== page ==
Join Tony's Mailing List

Get notified about songwriting events and gigs.

Who Should Win The Argument In Your Song?

When you have a team working together, especially a talented one, not everyone’s going to agree. A lot of different ideas fly around. Ideally, at some point there will an agreement that one idea is the best one, and that’s the one that ’wins’ – the group goes with that.

This is often how successful songwriting collaborations work. Don’t settle for good; go for best.

A song itself is similar, whether written by one or several.

Taking some of the main moving pieces of a song… To make a point, let’s say we’re dealing with a song’s structure, the melody, and the lyric.

Once the song gets rolling, there’s usually at least a basic idea of how these parts will fit together – for example, each section has a certain amount of lines, each line has a certain number of melody notes (usually matched by syllables), and it all fits into the larger structure that contains the song.

But these pieces don’t always fall into line together. Sometimes a lyric line that really feels right and says what needs to be said is too long or short for the melody that’s already in that spot. Sometimes, often if the lyric comes first, the melody that seems right doesn’t quite fit those words. And sometimes in places the lyric and the melody can outgrow, or undershoot, the planned structure of the song.

This is when, I think, the ‘best idea wins’ comes in handy. The most important thing is not for the song to be ‘correct’ or ‘well-written’. It’s that it has maximum power and impact.

So if the lyric line is really that good… you can stretch or shrink the melody to fit it.  If the melody is the most powerful thing… well then the lyric length can give a little. And if all of this affects the overall structure in some way… then the structure can bend. As long as it doesn’t break – structure really matters and sometimes keeping its consistency is the best thing one can do.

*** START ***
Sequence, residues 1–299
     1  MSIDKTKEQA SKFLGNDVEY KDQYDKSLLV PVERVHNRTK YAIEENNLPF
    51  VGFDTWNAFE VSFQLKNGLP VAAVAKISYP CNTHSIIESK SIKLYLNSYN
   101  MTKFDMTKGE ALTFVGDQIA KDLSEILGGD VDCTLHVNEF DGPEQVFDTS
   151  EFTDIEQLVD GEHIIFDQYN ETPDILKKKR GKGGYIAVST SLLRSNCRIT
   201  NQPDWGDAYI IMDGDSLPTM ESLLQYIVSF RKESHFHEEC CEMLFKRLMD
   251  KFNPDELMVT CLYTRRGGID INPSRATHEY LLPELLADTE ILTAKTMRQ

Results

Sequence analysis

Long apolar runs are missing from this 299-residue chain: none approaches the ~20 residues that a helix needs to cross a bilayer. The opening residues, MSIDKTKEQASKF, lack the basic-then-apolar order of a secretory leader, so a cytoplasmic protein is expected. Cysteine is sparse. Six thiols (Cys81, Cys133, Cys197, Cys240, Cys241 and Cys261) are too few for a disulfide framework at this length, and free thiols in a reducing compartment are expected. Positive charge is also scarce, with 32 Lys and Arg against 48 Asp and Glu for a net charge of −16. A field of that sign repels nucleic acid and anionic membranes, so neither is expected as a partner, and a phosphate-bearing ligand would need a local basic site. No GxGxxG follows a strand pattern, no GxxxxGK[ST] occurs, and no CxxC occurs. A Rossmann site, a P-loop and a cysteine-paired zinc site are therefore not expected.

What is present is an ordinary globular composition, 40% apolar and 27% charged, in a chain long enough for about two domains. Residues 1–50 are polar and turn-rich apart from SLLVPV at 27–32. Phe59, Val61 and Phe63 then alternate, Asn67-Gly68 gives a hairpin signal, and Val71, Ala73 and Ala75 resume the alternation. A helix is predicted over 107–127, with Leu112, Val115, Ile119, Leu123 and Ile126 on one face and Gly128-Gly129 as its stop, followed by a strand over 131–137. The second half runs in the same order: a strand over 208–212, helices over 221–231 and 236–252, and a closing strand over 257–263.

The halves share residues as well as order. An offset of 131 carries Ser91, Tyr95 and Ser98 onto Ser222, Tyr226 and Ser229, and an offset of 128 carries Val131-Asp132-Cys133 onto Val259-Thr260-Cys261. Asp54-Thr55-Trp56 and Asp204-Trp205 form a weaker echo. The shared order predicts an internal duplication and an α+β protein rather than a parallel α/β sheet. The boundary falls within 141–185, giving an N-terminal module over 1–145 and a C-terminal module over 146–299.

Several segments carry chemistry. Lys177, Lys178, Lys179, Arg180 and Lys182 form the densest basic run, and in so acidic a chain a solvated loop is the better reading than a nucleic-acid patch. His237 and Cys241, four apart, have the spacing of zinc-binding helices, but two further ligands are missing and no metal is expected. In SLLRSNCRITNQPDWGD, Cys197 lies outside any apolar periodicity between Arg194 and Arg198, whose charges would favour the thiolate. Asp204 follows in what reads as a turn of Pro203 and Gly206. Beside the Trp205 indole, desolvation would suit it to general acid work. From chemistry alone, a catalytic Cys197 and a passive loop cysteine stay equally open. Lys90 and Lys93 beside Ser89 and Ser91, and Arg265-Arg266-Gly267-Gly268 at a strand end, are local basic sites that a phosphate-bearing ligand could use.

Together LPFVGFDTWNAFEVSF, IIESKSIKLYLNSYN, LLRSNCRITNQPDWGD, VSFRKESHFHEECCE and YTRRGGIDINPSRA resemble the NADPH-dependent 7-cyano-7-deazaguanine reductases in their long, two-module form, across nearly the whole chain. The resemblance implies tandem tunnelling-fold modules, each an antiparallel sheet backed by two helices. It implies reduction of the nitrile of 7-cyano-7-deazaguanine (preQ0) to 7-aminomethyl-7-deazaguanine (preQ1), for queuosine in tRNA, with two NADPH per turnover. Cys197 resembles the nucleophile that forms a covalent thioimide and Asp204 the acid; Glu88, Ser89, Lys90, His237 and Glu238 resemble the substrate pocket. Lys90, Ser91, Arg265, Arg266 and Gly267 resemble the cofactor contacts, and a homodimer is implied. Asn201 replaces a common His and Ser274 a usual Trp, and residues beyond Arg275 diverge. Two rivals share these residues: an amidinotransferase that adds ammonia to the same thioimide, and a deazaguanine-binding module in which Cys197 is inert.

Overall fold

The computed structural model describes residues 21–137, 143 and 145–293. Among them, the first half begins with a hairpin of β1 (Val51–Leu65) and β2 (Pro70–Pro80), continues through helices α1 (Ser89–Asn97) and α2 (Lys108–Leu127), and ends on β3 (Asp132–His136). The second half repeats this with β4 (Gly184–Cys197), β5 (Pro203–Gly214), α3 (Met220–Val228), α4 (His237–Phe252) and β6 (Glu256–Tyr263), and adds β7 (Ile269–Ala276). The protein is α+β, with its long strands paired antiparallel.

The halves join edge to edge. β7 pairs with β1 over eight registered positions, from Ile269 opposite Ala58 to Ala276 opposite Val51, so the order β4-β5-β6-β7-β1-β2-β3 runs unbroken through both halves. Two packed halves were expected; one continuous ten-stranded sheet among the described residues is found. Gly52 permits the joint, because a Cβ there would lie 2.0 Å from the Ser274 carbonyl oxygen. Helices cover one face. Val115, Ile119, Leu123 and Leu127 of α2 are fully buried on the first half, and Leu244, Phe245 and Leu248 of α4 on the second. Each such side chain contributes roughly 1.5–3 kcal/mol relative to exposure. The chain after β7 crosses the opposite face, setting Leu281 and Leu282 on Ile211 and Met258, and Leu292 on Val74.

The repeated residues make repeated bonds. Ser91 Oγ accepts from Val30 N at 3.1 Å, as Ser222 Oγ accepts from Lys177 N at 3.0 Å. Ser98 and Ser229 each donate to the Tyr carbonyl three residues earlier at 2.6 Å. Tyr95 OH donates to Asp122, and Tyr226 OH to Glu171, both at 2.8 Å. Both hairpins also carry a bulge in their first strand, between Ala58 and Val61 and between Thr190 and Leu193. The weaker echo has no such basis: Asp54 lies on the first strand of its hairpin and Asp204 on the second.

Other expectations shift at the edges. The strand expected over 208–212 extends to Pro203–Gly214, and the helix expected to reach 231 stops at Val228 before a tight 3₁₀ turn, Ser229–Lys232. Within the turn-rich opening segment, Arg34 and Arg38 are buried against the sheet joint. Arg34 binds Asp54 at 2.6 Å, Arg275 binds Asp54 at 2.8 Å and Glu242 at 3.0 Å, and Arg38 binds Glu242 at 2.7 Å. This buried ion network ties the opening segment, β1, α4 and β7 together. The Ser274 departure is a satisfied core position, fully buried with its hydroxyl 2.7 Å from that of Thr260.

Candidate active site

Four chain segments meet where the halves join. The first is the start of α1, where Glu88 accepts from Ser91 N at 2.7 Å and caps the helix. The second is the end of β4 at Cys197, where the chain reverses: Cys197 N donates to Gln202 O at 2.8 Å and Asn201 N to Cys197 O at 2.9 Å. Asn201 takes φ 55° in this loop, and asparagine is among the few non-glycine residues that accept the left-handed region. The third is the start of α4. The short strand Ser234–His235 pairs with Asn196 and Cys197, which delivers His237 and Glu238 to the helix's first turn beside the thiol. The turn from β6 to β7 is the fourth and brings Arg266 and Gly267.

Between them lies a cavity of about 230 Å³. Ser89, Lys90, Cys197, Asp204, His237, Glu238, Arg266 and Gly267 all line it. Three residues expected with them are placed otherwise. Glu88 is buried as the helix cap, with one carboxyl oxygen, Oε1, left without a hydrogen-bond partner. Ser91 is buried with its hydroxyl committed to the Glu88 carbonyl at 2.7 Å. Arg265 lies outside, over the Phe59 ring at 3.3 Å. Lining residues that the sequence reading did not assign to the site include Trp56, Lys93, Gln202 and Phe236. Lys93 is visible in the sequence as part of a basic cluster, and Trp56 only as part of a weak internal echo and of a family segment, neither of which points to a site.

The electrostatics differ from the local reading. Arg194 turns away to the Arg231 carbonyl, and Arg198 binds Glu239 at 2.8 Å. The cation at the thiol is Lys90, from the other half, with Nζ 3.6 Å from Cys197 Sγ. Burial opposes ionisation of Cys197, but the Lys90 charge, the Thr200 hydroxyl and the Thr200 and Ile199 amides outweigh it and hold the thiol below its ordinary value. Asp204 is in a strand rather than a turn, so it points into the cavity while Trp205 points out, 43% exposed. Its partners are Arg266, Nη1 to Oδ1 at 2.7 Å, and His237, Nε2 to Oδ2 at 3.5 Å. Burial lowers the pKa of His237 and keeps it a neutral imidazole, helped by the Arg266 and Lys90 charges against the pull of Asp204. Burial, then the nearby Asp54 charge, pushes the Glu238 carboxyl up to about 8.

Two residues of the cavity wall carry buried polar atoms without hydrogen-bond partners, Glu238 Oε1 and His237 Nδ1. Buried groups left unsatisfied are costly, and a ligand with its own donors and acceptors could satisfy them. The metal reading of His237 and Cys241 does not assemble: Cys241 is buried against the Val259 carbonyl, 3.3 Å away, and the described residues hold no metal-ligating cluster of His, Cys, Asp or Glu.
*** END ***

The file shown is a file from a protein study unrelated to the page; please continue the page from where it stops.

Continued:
What I’m describing here can also be an excuse for lazy songwriting. Why bother making anything fit if you can just change things at will… in order to not have to work hard at the carpentry?

That’s not the idea. The idea here is to come up with a bunch of ideas for the song that are all good. And then, if there is a place, as there usually is, where something has to give… don’t be inflexible. Let the best idea win.

Let me know your thoughts in the Comments section below:



And please share on facebook etc. by clicking these tabs

2 responses to “Who Should Win The Argument In Your Song?”

  • Hi Tony,

    That’s a really powerful point, and one I’ve butted up against many times. Everything has to be as strong as you can possibly make it. Listeners pick up on those weaknesses every time, intuitively if not intellectually. You have to be fearless about confronting that stuff, even if you can point to someone else’s song where the same thing works. My experience is the spot where you had a nagging doubt it might be better is exactly the spot where the person you’re sitting across a desk from starts to drum their fingers and looks at their phone wishing it would ring. Laziness is the enemy, and if a song’s 99% of the way there you have no song.

Leave a comment